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Nietzschean Self-Mastery, Part 2

In our last post we examined the controversial concept of the Will to Power, the genealogical understanding of the self and Nietzsche’s theory of the human drives. In this post, we look at how the drives are corralled and coordinated to bring us success in self-mastery.

A multitude of Nietzschean drives


It is important to be able to recognise our drives and work with them if we are to make positive changes. Your observations of the activity of your drives should be recorded in your journal. Which drives are dominant? Which cause you the most trouble?

It is not possible to observe and catalogue all your drives comprehensively. Nietzsche wrote ‘we are unknown to ourselves, we knowers’ - acknowledging that we can only ever get a superficial understanding of ourselves. Some of our drives are ancient and some are ephemeral. Some are all too obvious and others have a subterranean existence well below the level of our consciousness. Though our understanding of ourselves will be necessarily partial, it is still crucial to familiarise ourselves with our community of drives as well as we can

Nietzsche’s next step involves coordinating one’s drives in order to achieve self-mastery – imposing some order upon them. To do this, you must find your own great project - an ‘organizing idea’ as he calls it, and this will determine the plan to which all your drives will be made subservient – like wild horses teamed and bridled to a chariot, heading in a unified direction together, rather than running wild every which way.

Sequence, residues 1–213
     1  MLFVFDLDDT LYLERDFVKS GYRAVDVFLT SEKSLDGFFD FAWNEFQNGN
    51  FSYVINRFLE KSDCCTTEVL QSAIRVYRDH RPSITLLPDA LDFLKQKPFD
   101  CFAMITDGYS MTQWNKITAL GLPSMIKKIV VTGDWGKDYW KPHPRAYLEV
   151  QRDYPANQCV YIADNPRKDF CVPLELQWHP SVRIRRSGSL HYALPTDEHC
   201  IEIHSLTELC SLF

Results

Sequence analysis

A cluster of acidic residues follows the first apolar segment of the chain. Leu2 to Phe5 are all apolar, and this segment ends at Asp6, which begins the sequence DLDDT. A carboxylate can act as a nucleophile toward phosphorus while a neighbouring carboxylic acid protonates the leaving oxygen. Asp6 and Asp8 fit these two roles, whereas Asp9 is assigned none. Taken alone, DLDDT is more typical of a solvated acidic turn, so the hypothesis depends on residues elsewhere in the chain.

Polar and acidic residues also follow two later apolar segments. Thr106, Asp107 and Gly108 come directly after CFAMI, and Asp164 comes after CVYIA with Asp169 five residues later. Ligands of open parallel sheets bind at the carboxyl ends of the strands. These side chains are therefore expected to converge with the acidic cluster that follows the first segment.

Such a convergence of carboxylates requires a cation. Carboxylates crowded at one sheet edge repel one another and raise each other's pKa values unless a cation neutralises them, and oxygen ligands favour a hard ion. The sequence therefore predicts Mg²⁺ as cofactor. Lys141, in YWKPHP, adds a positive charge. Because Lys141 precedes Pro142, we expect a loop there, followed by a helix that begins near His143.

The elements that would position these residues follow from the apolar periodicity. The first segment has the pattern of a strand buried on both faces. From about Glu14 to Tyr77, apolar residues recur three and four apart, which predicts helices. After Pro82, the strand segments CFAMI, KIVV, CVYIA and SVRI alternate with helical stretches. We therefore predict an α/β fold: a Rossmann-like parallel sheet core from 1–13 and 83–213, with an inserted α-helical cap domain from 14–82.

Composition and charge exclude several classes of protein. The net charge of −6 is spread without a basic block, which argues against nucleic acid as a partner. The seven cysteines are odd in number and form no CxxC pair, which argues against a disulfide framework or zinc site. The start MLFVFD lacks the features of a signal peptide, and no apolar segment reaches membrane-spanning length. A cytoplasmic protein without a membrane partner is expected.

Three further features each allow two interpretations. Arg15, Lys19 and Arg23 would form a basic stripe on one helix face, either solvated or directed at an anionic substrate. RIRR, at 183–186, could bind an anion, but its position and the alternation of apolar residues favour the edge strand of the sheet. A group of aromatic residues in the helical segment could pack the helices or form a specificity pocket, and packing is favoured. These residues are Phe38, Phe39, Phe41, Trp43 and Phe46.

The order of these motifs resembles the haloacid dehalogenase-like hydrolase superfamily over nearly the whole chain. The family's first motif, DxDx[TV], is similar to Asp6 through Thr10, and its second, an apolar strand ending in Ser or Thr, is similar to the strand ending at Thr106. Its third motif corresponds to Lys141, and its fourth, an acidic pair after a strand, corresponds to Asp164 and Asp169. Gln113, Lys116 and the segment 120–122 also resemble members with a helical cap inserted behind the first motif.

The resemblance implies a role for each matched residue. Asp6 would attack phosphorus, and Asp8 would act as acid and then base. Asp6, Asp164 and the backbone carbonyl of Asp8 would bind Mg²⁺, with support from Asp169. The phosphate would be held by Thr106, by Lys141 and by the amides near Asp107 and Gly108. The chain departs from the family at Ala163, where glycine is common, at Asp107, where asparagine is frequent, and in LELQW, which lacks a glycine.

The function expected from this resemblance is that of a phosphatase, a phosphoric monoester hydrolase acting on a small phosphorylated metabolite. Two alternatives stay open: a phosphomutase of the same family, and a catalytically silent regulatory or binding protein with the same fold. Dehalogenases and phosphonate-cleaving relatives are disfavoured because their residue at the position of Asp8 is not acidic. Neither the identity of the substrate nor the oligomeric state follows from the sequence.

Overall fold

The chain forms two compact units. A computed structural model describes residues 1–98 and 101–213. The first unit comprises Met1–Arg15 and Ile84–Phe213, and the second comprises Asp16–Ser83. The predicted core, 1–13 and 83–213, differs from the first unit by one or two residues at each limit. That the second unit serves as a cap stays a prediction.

In Ecce Homo, he writes:

‘The organizing idea that is destined to rule keeps growing deep down - it begins to command, slowly it leads us back from side roads and wrong roads; it prepares single qualities and fitnesses that will one day prove to be indispensable as a means toward a whole - one by one, it trains all subservient capacities before giving any hint of the dominant task, goal, aim or meaning.’

Your organising idea might be writing a novel, or running a marathon under 3 hours, or becoming an exceptional craftsperson, or founding a successful business. If you haven’t yet discovered your organising idea, you should still prepare for its emergence by training your drives to work in harmony. This will help the organising idea to coalesce. But if you need help, Nietzsche has advice:

‘Let the youthful soul look back on life with the question: what have you truly loved up to now, what has elevated your soul, what has mastered it and at the same time delighted it? Place these venerated objects before you in a row, and perhaps they will yield for you, through their nature and their sequence, a law, the fundamental law of your true self.’

Once you have an awareness of your complex of drives and you have discovered your organizing idea, it’s time to make a plan and take action. Of course, just knowing what we want to do is generally not enough to enable us to make positive changes. We need effective techniques to help us.

To take a prosaic example: wanting to drop ten-pounds from your body weight means you have a drive on your hands. The question is what can we do to strengthen and empower this drive so it is more likely to be successful? It’s going to have some pretty tough competition - the drive to stuff ourselves with sugary and fatty foods is a very ancient and powerful instinct. Formed in our primitive past when fat and sugar were rare boons and so were to be gorged upon to excess when encountered.

If we are to combat this primal compulsion, we must do every thing we can to empower the positive drive (to lose weight) and weaken this negative drive (to eat junk).

We are out of space, but in the third and final part of this article, coming soon, we will look at actual practical techniques that clinical trials have demonstrated give us the best possible chance of eliminating old and unhelpful behaviours and of cultivating new, high-performing habits.

Next post: The Nietzschean Formula for Self-Mastery, Part 3

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